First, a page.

Wakanda was powered by a mystery metal, vibranium, and had evaded the historical traumas endured by much of the rest of Africa, freeing it from the ravages of colonialism and postcolonialism. The phrase “Wakanda forever” became a hashtag and rallying cry.
The statement on Mr. Boseman’s Instagram account said it was “the honor of his career to bring King T’Challa to life in ‘Black Panther.’”
Brian Helgeland, the writer and director of “42,” which gave Mr. Boseman his breakout role, said that Mr. Boseman reminded him of sturdy, self-assured icons of 1970s virility, like Gene Hackman and Clint Eastwood.
“It’s the way he carries himself, his stillness — you just have that feeling that you’re around a strong person,” Mr. Helgeland said. “There’s a scene in the movie where Robinson’s teammate, Pee Wee Reese, puts his arm around him as a kind of show of solidarity. But Chad flips it on its head. He plays it like, ‘I’m doing fine, I’m tough as nails, but go ahead and put your arm around me if it makes you feel better.’ I think that’s who Chad is as a person.”
Mr. Boseman was born and raised in Anderson, S.C., the youngest of three boys. His mother, Carolyn, was a nurse and his father, Leroy, worked for an agricultural conglomerate and had a side business as an upholsterer.
“I saw him work a lot of third shifts, a lot of night shifts,” Mr. Boseman told The New York Times last year. “Whenever I work a particularly hard week, I think of him.”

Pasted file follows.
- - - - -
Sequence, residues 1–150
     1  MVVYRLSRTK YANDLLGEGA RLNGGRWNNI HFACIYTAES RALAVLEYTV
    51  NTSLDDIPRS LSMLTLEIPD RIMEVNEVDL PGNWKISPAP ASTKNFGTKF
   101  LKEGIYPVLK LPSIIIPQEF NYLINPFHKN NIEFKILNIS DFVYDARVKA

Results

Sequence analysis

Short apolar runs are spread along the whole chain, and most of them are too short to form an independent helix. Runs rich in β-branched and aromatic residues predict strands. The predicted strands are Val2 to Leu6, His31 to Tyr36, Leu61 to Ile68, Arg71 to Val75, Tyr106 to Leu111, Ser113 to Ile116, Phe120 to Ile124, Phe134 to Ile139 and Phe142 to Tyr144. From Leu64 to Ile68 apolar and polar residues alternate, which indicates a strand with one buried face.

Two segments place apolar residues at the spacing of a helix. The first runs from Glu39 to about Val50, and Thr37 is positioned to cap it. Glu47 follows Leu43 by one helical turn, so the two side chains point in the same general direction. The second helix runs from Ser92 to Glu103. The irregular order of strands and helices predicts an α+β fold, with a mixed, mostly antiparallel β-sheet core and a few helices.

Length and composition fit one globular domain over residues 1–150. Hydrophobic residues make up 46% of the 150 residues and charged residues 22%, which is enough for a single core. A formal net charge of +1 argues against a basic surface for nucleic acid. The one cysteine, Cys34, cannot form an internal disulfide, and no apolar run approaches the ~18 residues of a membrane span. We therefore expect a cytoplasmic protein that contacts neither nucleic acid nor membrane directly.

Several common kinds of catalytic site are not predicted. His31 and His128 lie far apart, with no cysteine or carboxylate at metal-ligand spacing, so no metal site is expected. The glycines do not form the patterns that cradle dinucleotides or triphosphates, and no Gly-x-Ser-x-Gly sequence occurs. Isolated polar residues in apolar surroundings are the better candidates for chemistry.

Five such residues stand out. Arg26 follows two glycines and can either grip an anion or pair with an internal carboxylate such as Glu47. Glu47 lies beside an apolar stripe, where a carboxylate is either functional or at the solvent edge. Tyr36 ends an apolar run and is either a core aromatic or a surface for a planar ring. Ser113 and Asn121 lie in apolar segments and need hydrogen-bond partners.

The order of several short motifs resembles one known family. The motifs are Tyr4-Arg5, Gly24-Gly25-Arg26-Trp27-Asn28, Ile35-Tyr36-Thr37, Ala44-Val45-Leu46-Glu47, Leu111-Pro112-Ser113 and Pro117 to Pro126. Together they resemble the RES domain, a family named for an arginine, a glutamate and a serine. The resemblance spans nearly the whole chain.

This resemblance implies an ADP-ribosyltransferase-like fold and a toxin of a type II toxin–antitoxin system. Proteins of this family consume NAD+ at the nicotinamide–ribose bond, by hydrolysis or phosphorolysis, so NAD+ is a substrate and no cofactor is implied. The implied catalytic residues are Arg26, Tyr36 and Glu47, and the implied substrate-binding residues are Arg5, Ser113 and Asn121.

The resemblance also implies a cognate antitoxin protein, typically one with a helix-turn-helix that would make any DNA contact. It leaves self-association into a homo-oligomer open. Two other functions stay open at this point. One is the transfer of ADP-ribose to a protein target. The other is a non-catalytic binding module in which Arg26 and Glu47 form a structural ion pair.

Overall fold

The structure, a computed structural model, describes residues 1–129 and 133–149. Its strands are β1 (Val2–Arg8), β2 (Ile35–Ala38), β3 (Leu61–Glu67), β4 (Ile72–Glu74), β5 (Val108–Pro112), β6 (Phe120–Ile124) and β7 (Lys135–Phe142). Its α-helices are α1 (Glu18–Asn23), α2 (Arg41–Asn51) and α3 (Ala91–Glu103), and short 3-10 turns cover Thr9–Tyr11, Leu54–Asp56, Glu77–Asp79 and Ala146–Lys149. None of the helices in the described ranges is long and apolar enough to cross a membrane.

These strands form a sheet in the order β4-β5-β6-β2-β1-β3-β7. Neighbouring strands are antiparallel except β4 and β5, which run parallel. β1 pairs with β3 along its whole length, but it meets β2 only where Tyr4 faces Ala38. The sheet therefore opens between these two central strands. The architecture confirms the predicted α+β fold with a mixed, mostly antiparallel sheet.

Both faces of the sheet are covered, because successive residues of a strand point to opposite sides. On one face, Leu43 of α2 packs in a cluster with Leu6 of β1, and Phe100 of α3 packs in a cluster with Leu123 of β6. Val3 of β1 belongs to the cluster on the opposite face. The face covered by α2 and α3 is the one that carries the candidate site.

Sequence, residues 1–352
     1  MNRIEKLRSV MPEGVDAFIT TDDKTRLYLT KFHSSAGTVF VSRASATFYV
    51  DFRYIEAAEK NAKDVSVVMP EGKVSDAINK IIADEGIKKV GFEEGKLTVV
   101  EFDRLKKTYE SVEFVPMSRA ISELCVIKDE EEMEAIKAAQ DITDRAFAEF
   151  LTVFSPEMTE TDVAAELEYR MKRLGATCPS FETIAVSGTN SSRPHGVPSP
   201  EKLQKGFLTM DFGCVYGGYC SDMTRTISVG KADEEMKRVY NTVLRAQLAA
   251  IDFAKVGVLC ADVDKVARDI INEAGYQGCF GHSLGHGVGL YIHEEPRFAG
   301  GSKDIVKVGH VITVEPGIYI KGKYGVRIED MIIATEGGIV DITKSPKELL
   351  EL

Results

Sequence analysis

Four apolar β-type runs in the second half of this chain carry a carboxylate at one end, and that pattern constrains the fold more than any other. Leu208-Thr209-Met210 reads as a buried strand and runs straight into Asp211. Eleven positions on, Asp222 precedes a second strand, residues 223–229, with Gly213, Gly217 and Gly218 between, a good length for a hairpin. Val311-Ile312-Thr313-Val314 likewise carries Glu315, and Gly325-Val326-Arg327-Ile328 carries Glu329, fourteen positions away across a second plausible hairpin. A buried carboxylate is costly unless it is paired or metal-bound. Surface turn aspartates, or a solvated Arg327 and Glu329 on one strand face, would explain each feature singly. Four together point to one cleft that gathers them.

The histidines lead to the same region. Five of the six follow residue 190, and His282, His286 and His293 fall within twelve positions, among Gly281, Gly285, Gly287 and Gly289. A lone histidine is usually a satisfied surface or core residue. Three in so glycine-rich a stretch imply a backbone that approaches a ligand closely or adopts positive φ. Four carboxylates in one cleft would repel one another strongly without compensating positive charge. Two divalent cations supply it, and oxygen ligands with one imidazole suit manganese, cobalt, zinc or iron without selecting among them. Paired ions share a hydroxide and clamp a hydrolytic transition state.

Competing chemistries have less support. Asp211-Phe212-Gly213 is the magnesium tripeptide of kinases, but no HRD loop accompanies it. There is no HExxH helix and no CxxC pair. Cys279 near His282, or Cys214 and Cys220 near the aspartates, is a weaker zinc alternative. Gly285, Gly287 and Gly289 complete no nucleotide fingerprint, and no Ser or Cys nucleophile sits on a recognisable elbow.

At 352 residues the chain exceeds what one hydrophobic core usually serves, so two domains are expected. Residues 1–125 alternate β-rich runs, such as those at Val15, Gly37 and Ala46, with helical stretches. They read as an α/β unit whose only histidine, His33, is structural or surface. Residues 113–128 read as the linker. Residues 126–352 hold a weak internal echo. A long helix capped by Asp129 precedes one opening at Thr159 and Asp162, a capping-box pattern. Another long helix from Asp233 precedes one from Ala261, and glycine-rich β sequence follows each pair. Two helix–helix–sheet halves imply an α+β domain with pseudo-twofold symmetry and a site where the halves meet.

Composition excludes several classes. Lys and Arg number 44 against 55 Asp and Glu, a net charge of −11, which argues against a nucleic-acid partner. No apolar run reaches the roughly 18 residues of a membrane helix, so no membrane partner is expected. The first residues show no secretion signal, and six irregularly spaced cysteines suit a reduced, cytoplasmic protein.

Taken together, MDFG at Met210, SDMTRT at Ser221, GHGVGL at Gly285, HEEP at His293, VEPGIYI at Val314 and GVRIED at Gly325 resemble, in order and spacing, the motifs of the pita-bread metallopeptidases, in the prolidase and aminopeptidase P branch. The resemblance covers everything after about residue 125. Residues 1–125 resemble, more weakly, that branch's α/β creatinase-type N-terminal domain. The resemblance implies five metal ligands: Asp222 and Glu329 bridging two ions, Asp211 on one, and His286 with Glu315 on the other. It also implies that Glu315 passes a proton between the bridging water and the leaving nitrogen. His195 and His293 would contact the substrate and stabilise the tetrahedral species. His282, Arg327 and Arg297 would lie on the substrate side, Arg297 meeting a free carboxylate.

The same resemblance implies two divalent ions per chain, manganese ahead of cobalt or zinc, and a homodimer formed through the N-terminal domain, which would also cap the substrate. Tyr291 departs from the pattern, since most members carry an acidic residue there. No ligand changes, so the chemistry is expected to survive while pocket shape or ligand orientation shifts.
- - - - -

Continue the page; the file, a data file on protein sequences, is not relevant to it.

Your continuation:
His closest role models were his two brothers: Derrick, the eldest, a preacher in Tennessee; and Kevin, a dancer who has performed with the Martha Graham and Alvin Ailey troupes and toured with the stage adaptation of “The Lion King.”
In high school, Mr. Boseman was a serious basketball player but turned to storytelling after a friend and teammate was shot and killed. Mr. Boseman processed his emotions by writing what he eventually realized was a play. When it was time to consider colleges, he chose an arts program at Howard University, with a dream of becoming a director.
At Howard, he took an acting class with the Tony Award-winning actress and director Phylicia Rashad, who helped him get into an elite theater program at the University of Oxford, an adventure he later learned had been financed by a friend of hers: Denzel Washington.
To earn money, Mr. Boseman taught acting to students at the Schomburg Center for Research in Black Culture in Harlem.
After college, he moved to the Bedford-Stuyvesant neighborhood of Brooklyn, where he spent his days in coffee shops — playing chess and writing plays to direct, some of which were influenced by hip-hop and pan-African theology.
He landed one-off television roles in “Law & Order,” “CSI: NY” and “Cold Case,” and eventually booked a recurring role in the 2007-9 ABC Family series “Lincoln Heights.”
This content was originally published here.